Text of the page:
- Impacted small business tenants are businesses paying less than $50,000 per month in rent and who have temporarily ceased operations or have experienced at least a 70 per cent drop in pre-COVID-19 revenues. This support will also be available to non-profit and charitable organizations.
The CPA will continue to follow this issue, to raise concerns with the government, and to provide appropriate updates as they become available. While application details have not been released yet, the government has provided a few more details on the administration of the program available here: Prime Minister announces partnerships with provinces and territories to deliver the Canada Emergency Commercial Rent Assistance for small businesses.
Canadian Emergency Response Benefit and Canada Emergency Commercial Rent Assistance
Update as of April 17, 2020
The CPA has been actively working with various federal government departments to advocate for changes that support small businesses facing impacts of the COVID-19 pandemic. Specifically, the CPA called for changes to the criteria for the Canada Emergency Business Account (CEBA) and Canada Emergency Wage Subsidy (CEWS) to be expanded to enable the programs to be available for a variety of business and income models, including those with contractors, sub-contractors, and those whose income comes from dividends, for example.
On April 16, the Prime Minister announced that the criteria for the CEBA, is being expanded to include companies with payroll between $20,000-1.5 million. Although it doesn’t go far enough, this news is most welcome. The CPA is continuing to actively advocate for the criteria for both the CEBA and the CEWS to be further extended. Additional information on the CEBA can be accessed here:
Further, the Federal Government announced that it is introducing a Canada Emergency Commercial Rent Assistance (CECRA) program to provide support for small businesses to help pay their rent in the months of April, May, and June. This program will need to be developed in cooperation with the provinces and territories as they are responsible for issues related to rent. The information released to date indicates that this program will provide commercial property owners with access to credit (loans), who will in turn forgo or reduce the rent to small businesses. In our engagement with the federal government, the CPA has been calling for a commercial rent relief program and will continue to advocate for a program that will meet the needs of our members.
A few additional details on the CECRA are available here:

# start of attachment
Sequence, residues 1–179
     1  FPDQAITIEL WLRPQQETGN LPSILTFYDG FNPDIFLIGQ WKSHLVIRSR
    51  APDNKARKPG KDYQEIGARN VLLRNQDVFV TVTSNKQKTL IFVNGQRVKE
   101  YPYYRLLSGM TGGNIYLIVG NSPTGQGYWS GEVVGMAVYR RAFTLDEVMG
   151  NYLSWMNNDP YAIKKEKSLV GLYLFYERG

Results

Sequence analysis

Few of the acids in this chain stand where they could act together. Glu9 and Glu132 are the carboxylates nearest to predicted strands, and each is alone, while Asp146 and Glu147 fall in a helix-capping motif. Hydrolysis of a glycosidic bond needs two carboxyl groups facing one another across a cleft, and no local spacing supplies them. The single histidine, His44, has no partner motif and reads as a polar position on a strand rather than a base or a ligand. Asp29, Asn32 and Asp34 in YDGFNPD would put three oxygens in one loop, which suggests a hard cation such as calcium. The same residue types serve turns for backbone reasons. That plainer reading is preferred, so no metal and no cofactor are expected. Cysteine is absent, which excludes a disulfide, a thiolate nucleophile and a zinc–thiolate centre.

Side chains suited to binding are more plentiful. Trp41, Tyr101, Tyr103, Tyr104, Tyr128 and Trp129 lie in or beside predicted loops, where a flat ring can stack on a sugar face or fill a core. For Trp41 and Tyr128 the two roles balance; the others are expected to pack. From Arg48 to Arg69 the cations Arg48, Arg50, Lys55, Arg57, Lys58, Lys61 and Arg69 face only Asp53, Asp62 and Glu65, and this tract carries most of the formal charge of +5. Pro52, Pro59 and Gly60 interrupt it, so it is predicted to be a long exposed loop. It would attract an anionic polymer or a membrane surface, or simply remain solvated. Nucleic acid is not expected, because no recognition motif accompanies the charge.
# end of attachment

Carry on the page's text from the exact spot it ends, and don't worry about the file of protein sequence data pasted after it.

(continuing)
Today, March 27, the Prime Minister announced that there are additional new measures to support small businesses and help them protect the jobs that Canadians depend on and pay their workers and bills during these difficult times.
To further support small businesses, the Government of Canada will:
- Announce a 75 per cent wage subsidy for qualifying businesses for up to 3 months, retroactive to March 15, 2020. This should help businesses keep and return workers onto their payroll. More details on eligibility criteria will be shared before the end of the month.
- Allow businesses, including self-employed individuals, to defer all Goods and Services Tax/Harmonized Sales Tax (GST/HST) payments until June, as well as customs duties owed for imports. This measure is the equivalent of providing up to $30 billion in interest-free loans to Canadian businesses. It should help ease cash-flow challenges across the country.
- Launch the new Canada Emergency Business Account. This program will provide up to $25 billion to eligible financial institutions so they can provide interest-free loans to small businesses. These loans – guaranteed and funded by the Government of Canada – will ensure that small businesses have access to the capital they need, at a zero per cent interest rate, so that they can pay for rent and other important costs over the next number of months.
- Launch the new Small and Medium-Sized Enterprise Loan and Guarantee Program that will enable up to $40 billion in lending, supported through Export Development Canada and Business Development Bank, for guaranteed loans when small businesses go to their financial institutions to help weather the impacts of COVID-19. This is intended for small and medium-sized companies that require greater help to meet their operational cash flow requirements.
Additional information on eligibility and requirements is available here: Backgrounder